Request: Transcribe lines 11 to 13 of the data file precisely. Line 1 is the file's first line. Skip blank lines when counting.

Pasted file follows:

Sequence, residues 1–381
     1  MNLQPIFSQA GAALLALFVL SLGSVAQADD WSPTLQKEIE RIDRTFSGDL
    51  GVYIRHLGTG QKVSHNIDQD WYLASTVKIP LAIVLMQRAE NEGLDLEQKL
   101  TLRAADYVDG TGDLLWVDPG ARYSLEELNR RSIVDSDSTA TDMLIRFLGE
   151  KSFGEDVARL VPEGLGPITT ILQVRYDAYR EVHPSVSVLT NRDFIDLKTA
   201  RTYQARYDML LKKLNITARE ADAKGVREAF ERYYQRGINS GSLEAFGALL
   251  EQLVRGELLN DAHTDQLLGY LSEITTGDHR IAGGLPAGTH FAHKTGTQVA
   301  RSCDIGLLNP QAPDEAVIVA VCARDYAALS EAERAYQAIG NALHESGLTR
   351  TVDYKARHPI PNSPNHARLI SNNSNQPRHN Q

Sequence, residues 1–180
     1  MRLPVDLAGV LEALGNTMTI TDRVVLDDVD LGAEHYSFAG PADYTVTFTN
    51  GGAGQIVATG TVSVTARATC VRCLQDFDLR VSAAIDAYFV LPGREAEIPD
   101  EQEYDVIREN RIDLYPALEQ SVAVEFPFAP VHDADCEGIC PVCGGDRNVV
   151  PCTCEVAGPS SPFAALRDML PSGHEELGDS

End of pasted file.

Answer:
     1  MRLPVDLAGV LEALGNTMTI TDRVVLDDVD LGAEHYSFAG PADYTVTFTN
    51  GGAGQIVATG TVSVTARATC VRCLQDFDLR VSAAIDAYFV LPGREAEIPD
   101  EQEYDVIREN RIDLYPALEQ SVAVEFPFAP VHDADCEGIC PVCGGDRNVV